Last time I wrote on why initiation is vital for the modern western man. Not only in adolescence, which, thankfully, is starting to occur, but for older men (anyone over 30, and many who are under 30) who are entering the second half of life without the tools needed for the journey.
In this blog I want to talk about the ‘what’. What is a Men’s Rite Of Passage (MROP)? To a great extent, it is secret men’s business. No man will tell you what happens on MROP, because they want every man to experience it without his rational defences in place. Without the element of surprise, “ah, this is that” would diminish a transforming impact into a dull, box-ticking exercise. No man brings pen and paper (or any electronic device) to the rites. It’s more the opposite. Things are taken from him. His wallet. His phone. His keys. His watch. We seek to free men from all the western white male trinkets that anchor the fragile ego’s desperate need to be in control. It’s a strangely naked feeling to be rid of all this stuff and finally just be for a few days instead of the endless hamster wheel commotion of do… do… do… At first, it’s unnerving. After a day or two, men become aware of everything, especially their deepest unresolved longings.
The unconscious uses the language of symbols to express itself. Notice your dreams; they often make little sense to the rational mind, yet they can have profound emotional impact upon us. Similarly, our corporate unconscious has ways of communicating through images and archetypes, which are merely forms without specific content. For example, the word “father” is an archetype which has great meaning for everyone, but everyone responds to it differently. I’ve met very few men who have reached manhood without a father wound.
So symbols and archetypes are used in MROP because they transcend reason. They allow every man to engage in his own journey without limiting him to a single logical construct. The symbols always contain meaning that is hidden from our rational selves, but invites us down and into our interior lives, where we really live, and where so much undigested emotional material lies buried. A man engages with a symbol and his past opens up to him, troubling him and confronting him. This is not to distress a man, but to invite him to incorporate the energy he’s spent the first half of his life corralling and supressing through resolve, achievement, medication and distraction.
A phrase we often use on MROP is “trust the process.” It is a process and it unfolds over five days in a safe yet mysterious way. Another phrase that applies to both leaders and ‘initiates’ (the men embarking on MROP) is to “show up and get out of the way.” The work is done in us, for us and often despite us. This work is not possible without an encounter like MROP. Our way of life prohibits it.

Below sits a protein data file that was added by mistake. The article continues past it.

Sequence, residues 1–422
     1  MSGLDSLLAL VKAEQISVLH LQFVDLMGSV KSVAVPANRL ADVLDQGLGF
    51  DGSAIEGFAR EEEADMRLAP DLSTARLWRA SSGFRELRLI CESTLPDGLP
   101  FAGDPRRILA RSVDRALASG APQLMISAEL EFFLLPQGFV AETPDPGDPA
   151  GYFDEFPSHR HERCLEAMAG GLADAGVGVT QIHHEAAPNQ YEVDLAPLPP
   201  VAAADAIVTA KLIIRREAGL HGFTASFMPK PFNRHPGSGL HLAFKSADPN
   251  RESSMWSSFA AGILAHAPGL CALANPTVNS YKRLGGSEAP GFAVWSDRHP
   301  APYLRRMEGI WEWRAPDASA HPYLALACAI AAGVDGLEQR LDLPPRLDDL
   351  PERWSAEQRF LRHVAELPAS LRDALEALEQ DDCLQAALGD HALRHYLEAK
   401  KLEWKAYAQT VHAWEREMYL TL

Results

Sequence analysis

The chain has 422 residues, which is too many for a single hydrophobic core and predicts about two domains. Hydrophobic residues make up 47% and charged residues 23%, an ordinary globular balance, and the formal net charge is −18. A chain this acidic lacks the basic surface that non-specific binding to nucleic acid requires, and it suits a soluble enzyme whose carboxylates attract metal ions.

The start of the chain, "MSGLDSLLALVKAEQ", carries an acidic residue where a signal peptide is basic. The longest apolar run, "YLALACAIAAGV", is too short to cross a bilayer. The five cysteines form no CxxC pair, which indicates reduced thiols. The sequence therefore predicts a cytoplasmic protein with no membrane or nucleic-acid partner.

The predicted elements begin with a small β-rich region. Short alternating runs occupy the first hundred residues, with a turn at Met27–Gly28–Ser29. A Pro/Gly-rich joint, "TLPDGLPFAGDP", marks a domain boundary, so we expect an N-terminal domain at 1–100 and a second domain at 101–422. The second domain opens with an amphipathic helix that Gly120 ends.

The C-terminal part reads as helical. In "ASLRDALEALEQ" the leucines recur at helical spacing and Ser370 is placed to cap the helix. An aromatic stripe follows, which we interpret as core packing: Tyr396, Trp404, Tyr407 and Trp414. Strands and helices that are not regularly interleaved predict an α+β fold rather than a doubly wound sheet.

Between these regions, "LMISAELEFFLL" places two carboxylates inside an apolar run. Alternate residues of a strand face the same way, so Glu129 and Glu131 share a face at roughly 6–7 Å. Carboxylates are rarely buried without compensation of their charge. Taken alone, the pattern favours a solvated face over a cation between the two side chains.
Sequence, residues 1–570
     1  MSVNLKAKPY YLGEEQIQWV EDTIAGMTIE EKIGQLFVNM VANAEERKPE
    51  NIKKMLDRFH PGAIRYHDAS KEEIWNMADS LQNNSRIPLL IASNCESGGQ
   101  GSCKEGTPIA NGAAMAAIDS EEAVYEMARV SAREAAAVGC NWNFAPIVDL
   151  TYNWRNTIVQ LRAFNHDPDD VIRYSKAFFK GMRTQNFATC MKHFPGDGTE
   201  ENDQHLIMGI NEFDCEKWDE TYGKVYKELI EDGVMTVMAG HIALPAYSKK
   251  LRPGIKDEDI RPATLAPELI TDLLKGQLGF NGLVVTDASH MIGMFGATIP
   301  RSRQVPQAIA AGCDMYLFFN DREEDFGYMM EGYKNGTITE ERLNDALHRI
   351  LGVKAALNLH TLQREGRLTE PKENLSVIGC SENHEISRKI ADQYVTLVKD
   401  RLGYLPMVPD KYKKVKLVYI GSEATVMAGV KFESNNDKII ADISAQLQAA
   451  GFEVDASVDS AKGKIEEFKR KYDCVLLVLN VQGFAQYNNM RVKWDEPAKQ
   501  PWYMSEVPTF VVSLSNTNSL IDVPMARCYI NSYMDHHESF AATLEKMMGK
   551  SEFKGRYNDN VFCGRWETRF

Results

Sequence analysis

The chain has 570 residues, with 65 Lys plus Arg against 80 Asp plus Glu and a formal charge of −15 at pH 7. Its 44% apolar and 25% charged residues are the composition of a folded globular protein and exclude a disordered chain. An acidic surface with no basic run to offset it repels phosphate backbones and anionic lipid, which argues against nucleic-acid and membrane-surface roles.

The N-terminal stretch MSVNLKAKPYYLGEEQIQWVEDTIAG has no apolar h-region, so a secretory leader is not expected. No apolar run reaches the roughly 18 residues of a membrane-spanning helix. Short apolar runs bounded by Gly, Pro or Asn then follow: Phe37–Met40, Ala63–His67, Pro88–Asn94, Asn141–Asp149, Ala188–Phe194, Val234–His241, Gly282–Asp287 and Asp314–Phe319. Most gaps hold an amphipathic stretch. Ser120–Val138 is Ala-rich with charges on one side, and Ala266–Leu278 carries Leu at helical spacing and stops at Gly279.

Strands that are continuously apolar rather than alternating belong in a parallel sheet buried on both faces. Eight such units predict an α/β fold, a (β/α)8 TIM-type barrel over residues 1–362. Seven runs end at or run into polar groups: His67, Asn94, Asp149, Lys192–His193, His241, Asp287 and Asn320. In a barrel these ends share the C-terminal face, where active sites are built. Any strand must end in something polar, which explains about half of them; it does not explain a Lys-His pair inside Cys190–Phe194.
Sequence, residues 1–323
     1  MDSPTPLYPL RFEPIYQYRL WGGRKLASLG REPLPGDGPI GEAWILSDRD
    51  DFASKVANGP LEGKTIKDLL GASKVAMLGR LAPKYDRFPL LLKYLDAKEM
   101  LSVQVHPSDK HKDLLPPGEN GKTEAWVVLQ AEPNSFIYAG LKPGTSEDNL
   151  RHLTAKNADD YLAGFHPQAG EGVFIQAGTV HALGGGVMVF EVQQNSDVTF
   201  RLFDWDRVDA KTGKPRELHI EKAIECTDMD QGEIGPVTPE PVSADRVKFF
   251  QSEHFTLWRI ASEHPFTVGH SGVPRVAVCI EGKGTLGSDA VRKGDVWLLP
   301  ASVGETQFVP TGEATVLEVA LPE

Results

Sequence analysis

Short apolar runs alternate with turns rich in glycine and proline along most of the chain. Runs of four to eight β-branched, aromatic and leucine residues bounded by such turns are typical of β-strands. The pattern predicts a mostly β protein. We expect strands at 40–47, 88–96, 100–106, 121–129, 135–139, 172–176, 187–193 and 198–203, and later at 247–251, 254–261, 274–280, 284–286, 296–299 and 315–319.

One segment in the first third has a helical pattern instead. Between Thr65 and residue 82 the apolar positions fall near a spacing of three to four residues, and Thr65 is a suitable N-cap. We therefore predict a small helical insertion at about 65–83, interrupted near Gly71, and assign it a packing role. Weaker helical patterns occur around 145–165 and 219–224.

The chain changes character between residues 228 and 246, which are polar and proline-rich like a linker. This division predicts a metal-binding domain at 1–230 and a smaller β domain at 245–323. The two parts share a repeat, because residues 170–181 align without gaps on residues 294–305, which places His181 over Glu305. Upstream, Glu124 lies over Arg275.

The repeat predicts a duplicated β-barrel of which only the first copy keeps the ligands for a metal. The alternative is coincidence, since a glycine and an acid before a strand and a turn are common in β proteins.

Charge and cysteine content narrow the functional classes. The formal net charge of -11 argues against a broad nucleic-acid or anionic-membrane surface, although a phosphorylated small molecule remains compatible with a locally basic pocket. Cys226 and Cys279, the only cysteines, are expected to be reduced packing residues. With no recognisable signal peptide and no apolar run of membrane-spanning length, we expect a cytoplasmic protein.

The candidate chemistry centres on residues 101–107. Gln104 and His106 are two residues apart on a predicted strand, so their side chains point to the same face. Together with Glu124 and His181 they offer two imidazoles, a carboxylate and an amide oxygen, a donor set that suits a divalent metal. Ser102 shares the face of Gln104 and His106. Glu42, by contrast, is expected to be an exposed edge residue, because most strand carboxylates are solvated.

The tragedy is, we are like icebergs, and 90% of who we really are lies buried and hidden from our awareness yet controls our conscious lives. If we don’t pay attention to this, then the titanic struggle to stay afloat will become increasingly desperate as we age, and fittingly, especially if we proclaim that we are unsinkable. Another truth that emerges on MROP is this buried iceberg is not a curse, but a gift. “First there is the fall, and then there is the recovery from the fall. But both are the mercy of God” wrote Julian of Norwich. Franciscan priest Richard Rohr, the architect of MROP, sagely adds that this is hard to believe until we understand the second half of life.
As well as symbol and archetype, other transrational elements invite a man to discover himself. Nature, silence, poetry, music, solitude, drama, drumming, fire and more. My own experience in 2009 was that of a reluctant, burned out pastor. “I hope this isn’t some weird, whacky cult” I murmured to myself in the weeks leading up to MROP. This is a constant challenge for those of us who seek to communicate MROP to others. Men build personas that will go to any length to stay in control, and we are inviting men to a place where they are not in control. This lack of control is apparent even in the team’s unwillingness to give details of what happens. It is not for every man. It takes great courage and a desire to change to engage in the process. I don’t think any serious man would want it any other way.
In a future blog, I will discuss in more detail the ‘who’ of MROP. Who should go, and when? But for now, let me share what happened as I sat in a sacred space and observed (and, to my surprise, engaged) in the first rite. Despite me, tears flowed. Something deep within me was destabilized. I felt the ancient, crusty layers of self-preservation fall away. I fell into something dark, terrifying, yet unmistakably true and ultimately so very freeing.
And so I know this has not sated the curiosity of most. Mystery cannot be explained in narrative. It can only be lived. So, instead of information, I will close with words by the early 20th Century German, Rainer Maria Rilke. It is all have to offer, except the invitation to participate in the rites, and thereby into all of life, not only the parts that seem shiny.
“I would like to beg you dear Sir, as well as I can, to have patience with everything unresolved in your heart and to try to love the questions themselves as if they were locked rooms or books written in a very foreign language. Don’t search for the answers, which could not be given to you now, because you would not be able to live them. And the point is to live everything. Live the questions now. Perhaps then, someday far in the future, you will gradually, without even noticing it, live your way into the answer.”